Sunday, November 10, 2019

NASA X-57 MAXWELL । Electric Aircraft। Electric motor

Nasa unveils its first electric airplane — a work in progress

NASA X-57 MAXWELL


Image result for maxwell x57
Nasa, most prominent for its many Florida-launched exploits into space, on Friday showcased an early version of its first all-electric experimental aircraft, the X-57 ‘Maxwell’, at its lesser-known aeronautics lab in the California desert.Adapted from a Italian-made Tecnam P2006T twin-engine propeller plane, the X-57 has been under development since 2015 and remains at least a year away from its first test flight in the skies over Edward Air Force Base.But after attaching the two largest of 14 electric motors that will ultimately propel the plane — powered by specially designed lithium ion batteries — Nasa deemed the Maxwell ready for its first public preview.Nasa also showed off a newly built simulator that allows engineers, and pilots, to get the feel of what it will be like to manoeuvre the finished version of the X-57 in flight, even as the plane remains under development.The Maxwell is the latest in a proud line of experimental aircraft the National Aeronautics and Space Administration has developed over many decades for many purposes, including the bullet-shaped Bell X-1 that first broke the sound barrier and the X-15 rocket plane flown by Neil Armstrong before he joined the Apollo moon team.The Maxwell will be the agency’s first crewed X-plane to be developed in two decades.While private companies have been developing all-electric planes and hover-craft for years, Nasa’s X-57 venture is aimed at designing and proving technology according to standards that commercial manufacturers can adapt for government certification.Those will include standards for airworthiness and safety, as well as for energy efficiency and noise, Brent Cobleigh, a project manager for Nasa’s Armstrong Flight Research Center at Edwards, about 160km north of Los Angeles.“We’re focusing on things that can help the whole industry, not just one company,” he told Reuters in an interview at the research centre. “Our target right now is to fly this airplane in late 2020.”The final modification, or Mod IV, of the aircraft will feature narrower, lighter-weight wings fitted with a total of 14 electric engines — six smaller “lift” props along the leading edge of each wing, plus two larger “cruise” props at the tip of each wing.The lift propellers will be activated for take-off and landings, but retract during the flight’s cruise phase.Because electric motor systems are more compact with fewer moving parts than internal-combustion engines, they are simpler to maintain and weigh much less, requiring less energy to fly, Cobleigh explained.They also are quieter that conventional engines.One challenge is improving battery technology to store more energy to extend the plane’s range, with faster re-charging.Due to current battery limitations, the Maxwell’s design is envisioned for use in short-haul flights as an air-taxi or commuter plane for a small number of passengers.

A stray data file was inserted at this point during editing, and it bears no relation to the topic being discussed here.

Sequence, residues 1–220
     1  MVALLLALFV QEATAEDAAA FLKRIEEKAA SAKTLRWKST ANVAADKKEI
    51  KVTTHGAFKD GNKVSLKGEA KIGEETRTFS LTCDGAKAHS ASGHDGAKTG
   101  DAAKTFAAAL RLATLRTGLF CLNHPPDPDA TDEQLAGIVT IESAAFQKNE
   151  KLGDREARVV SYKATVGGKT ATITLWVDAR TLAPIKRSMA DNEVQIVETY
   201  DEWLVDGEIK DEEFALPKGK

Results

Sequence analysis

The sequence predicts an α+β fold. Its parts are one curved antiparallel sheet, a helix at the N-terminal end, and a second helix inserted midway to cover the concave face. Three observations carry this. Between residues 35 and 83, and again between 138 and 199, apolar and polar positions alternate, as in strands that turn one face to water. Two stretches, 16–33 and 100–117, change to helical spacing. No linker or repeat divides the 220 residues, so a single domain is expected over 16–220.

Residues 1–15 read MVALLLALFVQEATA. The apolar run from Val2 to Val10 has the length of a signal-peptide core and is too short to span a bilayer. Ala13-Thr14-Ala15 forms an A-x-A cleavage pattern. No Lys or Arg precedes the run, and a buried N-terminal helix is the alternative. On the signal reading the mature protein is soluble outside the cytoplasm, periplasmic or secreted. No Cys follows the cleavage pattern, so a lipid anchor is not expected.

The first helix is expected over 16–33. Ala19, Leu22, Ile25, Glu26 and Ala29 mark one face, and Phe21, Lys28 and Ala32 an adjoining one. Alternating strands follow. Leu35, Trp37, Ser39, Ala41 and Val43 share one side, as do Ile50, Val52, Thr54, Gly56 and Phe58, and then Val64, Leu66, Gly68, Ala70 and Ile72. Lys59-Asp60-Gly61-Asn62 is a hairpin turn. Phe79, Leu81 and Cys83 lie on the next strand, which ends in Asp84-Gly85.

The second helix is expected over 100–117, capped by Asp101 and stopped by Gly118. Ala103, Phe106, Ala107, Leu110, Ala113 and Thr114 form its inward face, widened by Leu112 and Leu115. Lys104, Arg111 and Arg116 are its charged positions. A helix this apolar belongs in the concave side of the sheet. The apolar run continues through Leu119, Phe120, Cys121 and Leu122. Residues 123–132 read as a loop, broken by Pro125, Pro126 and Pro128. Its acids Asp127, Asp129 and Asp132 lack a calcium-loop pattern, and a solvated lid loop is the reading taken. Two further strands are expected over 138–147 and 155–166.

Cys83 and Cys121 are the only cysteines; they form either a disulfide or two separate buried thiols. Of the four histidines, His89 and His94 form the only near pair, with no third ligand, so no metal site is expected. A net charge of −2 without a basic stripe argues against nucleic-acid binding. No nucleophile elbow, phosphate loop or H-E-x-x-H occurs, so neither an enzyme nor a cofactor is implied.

Meet Maxwell X-57, Nasa’s first electric plane powered by 14 motors

NASA has showcased an early version of its first all-electric experimental aircraft X-57 Maxwell at its aeronautics lab in the California desert.